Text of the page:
Trump’s New Political Pawns: Visa restrictions reversed for international students in online classes
July 26, 2020
2 min read
What's going on here?
The Trump administration rescinds visa restrictions which would have required international students to take at least one in-person class in order to remain in the U.S. and be eligible for a student visa.
What does this mean?
On Monday 6 July U.S. Immigration and Customs Enforcement announced that the new policy directive would subject foreign students to deportation if they did not attend classes on campus but rather continued their courses online. The government previously argued that if classes are entirely online, then international students have no basis to be in the country.
However, the decision was rescinded following immense backlash and multiple lawsuits by top universities, the attorneys general of 20 states and Silicon Valley. Harvard and MIT have both argued that the directive was a result of the government’s plan to force universities to reopen despite health and safety risks caused by the ongoing coronavirus pandemic. The proposed visa regulations would have cost universities millions of dollars in tuition and put almost half a million campus jobs at risk. It could also have resulted in serious brain drain from the U.S. as many skilled workers would have had to flee the country.
What's the big picture effect?
Using the pandemic as an excuse and the need to protect the country from health threats as a justification, President Trump targeted international students to advance his restrictionist agenda on immigration. Similar immigration measures have been taken recently under the pretence of the pandemic. Restrictions on legal immigration came with halting green card processing and barring thousands of foreigners on work visas and asylum seekers from entering the country. The administration also extended border controls under the guise of the coronavirus pandemic, blocking nearly 43,000 migrants from seeking asylum at the southwest border of the U.S.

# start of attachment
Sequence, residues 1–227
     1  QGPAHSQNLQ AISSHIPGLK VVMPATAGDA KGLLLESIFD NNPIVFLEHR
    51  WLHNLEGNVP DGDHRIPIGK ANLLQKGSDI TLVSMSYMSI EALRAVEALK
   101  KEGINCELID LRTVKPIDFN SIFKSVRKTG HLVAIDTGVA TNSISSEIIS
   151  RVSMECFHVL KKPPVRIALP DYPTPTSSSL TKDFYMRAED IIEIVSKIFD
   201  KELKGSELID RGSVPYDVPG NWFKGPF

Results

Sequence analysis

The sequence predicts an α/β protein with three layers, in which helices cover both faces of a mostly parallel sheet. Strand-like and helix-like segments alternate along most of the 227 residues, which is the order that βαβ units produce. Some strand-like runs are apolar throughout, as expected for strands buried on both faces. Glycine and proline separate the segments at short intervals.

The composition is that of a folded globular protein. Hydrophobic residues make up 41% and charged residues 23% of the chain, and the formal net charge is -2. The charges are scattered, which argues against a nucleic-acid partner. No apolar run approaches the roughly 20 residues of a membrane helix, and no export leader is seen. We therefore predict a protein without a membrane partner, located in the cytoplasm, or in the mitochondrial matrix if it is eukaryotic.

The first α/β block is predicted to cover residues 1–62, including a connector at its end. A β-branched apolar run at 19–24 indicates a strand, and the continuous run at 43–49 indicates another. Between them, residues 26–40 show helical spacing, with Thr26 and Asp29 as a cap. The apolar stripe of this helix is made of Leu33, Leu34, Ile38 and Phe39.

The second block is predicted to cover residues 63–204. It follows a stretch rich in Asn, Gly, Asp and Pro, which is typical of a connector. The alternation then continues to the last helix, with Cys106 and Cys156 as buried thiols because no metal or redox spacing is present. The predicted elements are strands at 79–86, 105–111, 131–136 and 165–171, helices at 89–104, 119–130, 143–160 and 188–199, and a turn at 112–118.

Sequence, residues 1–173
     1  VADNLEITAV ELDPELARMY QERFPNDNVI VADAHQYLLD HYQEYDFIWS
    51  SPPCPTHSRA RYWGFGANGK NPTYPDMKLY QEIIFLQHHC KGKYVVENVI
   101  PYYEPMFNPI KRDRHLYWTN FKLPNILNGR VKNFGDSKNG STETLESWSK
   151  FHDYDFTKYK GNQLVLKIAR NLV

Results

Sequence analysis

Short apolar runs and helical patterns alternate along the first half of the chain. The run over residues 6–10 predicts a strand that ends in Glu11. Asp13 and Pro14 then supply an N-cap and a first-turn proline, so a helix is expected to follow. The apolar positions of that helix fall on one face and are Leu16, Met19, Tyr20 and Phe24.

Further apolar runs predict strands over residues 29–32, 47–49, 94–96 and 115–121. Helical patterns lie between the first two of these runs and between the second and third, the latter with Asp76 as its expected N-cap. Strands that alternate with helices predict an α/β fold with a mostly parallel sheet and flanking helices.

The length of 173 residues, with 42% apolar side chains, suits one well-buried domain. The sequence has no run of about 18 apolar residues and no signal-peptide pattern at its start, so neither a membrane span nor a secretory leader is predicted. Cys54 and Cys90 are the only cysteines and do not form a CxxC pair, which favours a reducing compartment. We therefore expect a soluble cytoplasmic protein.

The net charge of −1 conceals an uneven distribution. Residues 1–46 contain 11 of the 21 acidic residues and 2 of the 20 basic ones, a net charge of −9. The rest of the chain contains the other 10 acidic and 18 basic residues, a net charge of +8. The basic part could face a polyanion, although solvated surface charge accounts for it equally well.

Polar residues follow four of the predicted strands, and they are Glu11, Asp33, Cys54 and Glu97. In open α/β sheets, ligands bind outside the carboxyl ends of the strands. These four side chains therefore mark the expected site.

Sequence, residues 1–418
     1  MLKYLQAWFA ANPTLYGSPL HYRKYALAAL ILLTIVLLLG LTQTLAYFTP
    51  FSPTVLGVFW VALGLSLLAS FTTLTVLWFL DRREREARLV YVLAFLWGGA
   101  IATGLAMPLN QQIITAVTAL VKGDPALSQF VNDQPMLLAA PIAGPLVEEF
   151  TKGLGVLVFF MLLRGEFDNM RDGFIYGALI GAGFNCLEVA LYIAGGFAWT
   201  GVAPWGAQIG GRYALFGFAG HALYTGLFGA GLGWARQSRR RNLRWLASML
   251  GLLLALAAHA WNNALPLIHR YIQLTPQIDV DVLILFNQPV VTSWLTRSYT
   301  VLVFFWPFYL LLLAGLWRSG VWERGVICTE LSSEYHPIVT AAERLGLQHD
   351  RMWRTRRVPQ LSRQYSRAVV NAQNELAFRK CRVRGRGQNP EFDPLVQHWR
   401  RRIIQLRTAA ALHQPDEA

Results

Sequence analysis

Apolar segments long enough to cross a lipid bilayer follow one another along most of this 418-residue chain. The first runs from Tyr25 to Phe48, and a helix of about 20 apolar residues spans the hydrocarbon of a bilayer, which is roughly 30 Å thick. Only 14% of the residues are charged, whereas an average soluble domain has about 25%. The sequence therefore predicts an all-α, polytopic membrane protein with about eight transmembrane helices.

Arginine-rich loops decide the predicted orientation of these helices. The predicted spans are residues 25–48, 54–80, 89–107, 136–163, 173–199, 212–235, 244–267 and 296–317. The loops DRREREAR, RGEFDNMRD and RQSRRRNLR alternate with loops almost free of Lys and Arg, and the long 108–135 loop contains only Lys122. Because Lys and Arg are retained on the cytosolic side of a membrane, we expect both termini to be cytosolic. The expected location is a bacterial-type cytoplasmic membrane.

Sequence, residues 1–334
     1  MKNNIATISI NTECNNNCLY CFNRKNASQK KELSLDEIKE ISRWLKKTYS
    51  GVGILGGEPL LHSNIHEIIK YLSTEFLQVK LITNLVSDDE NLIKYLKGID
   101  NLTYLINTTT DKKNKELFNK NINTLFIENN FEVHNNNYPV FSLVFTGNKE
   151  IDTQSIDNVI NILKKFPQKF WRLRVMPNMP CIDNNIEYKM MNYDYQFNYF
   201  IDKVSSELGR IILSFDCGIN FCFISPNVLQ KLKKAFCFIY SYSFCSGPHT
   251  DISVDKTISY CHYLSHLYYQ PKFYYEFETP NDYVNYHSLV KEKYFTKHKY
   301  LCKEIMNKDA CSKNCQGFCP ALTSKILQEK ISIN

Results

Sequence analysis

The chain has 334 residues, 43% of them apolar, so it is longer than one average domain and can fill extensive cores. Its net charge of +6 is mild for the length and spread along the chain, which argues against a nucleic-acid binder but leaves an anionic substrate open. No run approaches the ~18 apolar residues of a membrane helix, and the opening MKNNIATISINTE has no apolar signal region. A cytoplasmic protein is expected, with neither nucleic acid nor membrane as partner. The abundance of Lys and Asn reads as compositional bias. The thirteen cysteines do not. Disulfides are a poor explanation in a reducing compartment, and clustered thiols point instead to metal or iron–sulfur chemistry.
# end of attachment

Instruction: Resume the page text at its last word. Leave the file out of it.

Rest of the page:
The decision to deport international students taking online classes was another radical decision taken by President Trump. The administration’s repeated attempts to restrict immigration have made foreign students feel unwelcome in the U.S., pushing many to consider other options. Since President Trump was elected in 2016, the number of new international students coming to the U.S. has fallen by 10 per cent. Experts say that the Trump administration’s policies, including travel bans on some Muslim countries in 2017, restrictions imposed on China, and the confusion over international students has had a detrimental impact on American universities.
Harvard and MIT argued that the government failed to consider the potential costs of this arbitrary decision. They pointed out that there is a breach of the Administrative Procedure Act which is a law that requires federal agencies to provide reasoned explanations for their decision making. Defending the point, Massachusetts Attorney General Maura Healey stated that offering no sound policy reasoning is illegal. Together with economic considerations and popular dissent, institutional checks and balances played a significant role in reversing the decision. Nevertheless, an anti-democratic virus is visibly spreading across the U.S. It will be interesting to see how these recent events will impact the upcoming 2020 presidential elections.
Report written by Selin Alagoun
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